Today’s Headlines: Artificial Sweeteners, Cervical Cancer and Rheumatoid Arthritis

Artificial sweeteners may be messing with your blood sugar. Zero-calorie alternatives to sugar have become the mainstay of those looking to lose weight while maintaining sweetness. But a new study in mice has found that “artificial sweeteners may disrupt the body’s ability to regulate blood sugar, causing metabolic changes that can be a precursor to diabetes.” The researchers looked at blood sugar measurements and the microbes in the intestinal tract of the mice to see if the sweetener versus regular sugar would affect either of them. “The group of mice getting artificial sweeteners developed marked intolerance to glucose,” with their blood glucose spiking early and falling slowly. “When the researchers treated the mice with antibiotics, killing much of the bacteria in the digestive system, the glucose intolerance went away.” In further experiments, the researchers found that bacteria from humans who regularly consume artificial sweeteners create the same glucose intolerance in the mice. It is unknown at this time how bacteria influence glucose tolerance. (NYT)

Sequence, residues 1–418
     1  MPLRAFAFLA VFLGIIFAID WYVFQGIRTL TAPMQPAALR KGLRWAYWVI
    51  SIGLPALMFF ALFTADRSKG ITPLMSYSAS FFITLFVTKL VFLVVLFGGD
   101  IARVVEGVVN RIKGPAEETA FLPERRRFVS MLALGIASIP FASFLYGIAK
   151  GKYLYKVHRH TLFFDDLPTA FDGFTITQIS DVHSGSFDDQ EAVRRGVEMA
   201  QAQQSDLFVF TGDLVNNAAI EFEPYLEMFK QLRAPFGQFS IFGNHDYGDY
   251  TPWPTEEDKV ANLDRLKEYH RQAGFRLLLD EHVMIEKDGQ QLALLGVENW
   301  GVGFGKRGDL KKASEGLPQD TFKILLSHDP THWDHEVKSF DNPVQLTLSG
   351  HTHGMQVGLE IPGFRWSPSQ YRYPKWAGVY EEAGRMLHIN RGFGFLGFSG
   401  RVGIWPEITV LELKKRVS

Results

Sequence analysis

There may soon be a urine test for cervical cancer. Currently, women at risk for cervical cancer have to undergo periodic Pap smears to test for possible cervical cancer. This is often accompanied with a test for HPV, the virus that causes cervical cancer and now prevented with the HPV vaccine. New research is now showing that “testing urine for HPV has good accuracy when compared to testing samples taken from the cervix for HPV.” A major advantage of the test is that “it could be done at home, and then interpreted by medical professionals.” As screening rates have declined, researchers are looking for new ways to try and make it easier for women to be screened. While the test wouldn’t replace the Pap smear or HPV test in many cases, “it could also be a boon in settings where more traditional means of screening for cervical cancer are difficult due to cultural resistance to gynecologic exams.” (CBS)

Smoking and salty foods may both contribute to rheumatoid arthritis. Smoking is a long-known risk factor for rheumatoid arthritis (RA), a debilitating and painful degenerative joint disease that affects more than a million Americans. But a new study has found that the amount of salt a person consumes may play a role, too. “Researchers set out to see if a salty diet might be linked to the onset of RA, but found a connection only among smokers–who were more than twice as likely as anyone with a low-salt diet to develop the condition.” They found that those smokers with the lowest salt consumption had similar rates of RA to nonsmokers. “More research is also needed to identify the biological pathways through which sodium intake can affect smoking as a risk factor. The study provides the first evidence in rheumatoid arthritis that sodium intake may influence risk for onset of the disease.” (Reuters)